New Police Report Sheds Light On San Bernardino Terrorist Attack

Armored vehicles surround an SUV used by the husband and wife terrorists in the San Bernardino, Calif., attack on Dec. 2, 2015. (AP)
Armored vehicles surround an SUV used by the husband and wife terrorists in the San Bernardino, Calif., attack on Dec. 2, 2015. (AP)

A report released Friday contains chilling new details of the December assault by a husband and wife in San Bernardino, Calif. — the third deadliest attack on U.S. soil since Sept. 11, 2001 — that left 14 people dead and 22 others seriously injured.

Much of the material in the new study by the Police Foundation and the Justice Department’s Office of Community Oriented Policing Services has been previously reported by news organizations. But the 135-page report does offer new insight into law enforcement’s response and the frenzied gun battle four hours later, when Syed Rizwan Farook, and his wife, Tashfeen Malik, were killed by police.

The review found that some of the victims and witnesses had had active shooter training in the very room where they were shot and at first thought it was another training exercise when the terrorists burst in at 10:59 a.m. Dec. 2.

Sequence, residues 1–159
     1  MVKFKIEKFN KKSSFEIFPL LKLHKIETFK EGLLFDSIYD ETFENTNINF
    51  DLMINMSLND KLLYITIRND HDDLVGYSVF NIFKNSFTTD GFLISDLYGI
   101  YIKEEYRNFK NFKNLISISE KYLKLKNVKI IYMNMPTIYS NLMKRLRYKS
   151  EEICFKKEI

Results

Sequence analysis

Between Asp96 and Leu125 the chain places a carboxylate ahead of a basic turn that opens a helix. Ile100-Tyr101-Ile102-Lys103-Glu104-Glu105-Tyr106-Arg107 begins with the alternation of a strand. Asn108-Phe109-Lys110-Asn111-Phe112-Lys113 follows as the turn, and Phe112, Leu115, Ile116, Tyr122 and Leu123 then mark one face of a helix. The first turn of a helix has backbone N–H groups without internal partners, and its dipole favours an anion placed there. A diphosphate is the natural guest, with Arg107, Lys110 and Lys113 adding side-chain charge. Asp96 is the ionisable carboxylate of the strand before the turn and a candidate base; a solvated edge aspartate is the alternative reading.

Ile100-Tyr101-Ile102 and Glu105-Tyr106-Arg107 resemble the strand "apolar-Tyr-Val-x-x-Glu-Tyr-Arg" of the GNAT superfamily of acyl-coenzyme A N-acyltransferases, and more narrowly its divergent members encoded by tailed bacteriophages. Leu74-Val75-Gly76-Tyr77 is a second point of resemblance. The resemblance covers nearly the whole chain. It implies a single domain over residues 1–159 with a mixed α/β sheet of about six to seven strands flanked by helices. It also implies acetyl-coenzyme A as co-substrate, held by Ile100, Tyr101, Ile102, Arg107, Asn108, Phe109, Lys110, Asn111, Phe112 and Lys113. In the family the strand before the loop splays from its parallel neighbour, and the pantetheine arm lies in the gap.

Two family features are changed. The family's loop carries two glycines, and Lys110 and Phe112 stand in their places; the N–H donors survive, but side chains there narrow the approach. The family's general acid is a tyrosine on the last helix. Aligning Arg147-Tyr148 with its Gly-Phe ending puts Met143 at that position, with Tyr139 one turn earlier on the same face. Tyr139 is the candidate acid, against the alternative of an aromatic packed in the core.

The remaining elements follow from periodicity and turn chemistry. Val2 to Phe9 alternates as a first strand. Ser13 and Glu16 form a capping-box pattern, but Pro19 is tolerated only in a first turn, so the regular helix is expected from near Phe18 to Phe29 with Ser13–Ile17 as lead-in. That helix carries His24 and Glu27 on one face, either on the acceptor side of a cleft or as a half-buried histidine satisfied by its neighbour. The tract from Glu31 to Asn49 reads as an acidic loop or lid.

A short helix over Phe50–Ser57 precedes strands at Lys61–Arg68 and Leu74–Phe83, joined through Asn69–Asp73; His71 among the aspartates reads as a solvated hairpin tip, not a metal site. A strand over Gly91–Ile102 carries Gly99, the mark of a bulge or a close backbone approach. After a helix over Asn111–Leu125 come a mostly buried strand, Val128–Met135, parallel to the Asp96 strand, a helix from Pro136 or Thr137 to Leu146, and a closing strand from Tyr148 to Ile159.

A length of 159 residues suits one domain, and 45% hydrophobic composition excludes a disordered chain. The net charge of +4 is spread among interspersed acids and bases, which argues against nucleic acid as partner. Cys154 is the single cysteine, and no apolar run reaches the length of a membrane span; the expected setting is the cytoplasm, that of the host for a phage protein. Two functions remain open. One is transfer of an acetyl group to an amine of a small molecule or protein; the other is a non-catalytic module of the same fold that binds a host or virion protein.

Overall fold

The report describes in graphic detail what first responders found when they entered the Inland Regional Center room, already decorated for the Christmas holiday.

“The four officers stared into the conference room,” the report says. “It looked like a bomb had gone off. Bodies were strewn across the floor. Many had devastating wounds. Blood was everywhere. The smell of gunpowder filled their nostrils, and the sprinklers sounded like they were hissing.”

In the chaos, a round hit a fire sprinkler pipe, and watered poured from the ceiling.

The officers, hewing to their training, kept searching for the killers even as the wounded grabbed their legs: “It was the worst thing imaginable — some people were quiet, hiding, others were screaming or dying, grabbing at your legs because they wanted us to get them out, but our job at the moment was to keep going.”

The deluge from the sprinklers in the conference room made it impossible for a medic to use traditional triage tags on the injured, so the medic used tape and wrote each person’s status on the tape. Initially, the wounded were carried to a spot right outside the building, but that was judged too close to an active and dangerous crime scene. They were then carried — many soaking wet and slippery — across the street to a golf course. Ultimately, 22 people, many of them critically injured, were taken to a hospital within 57 minutes of the shooting, and all survived.

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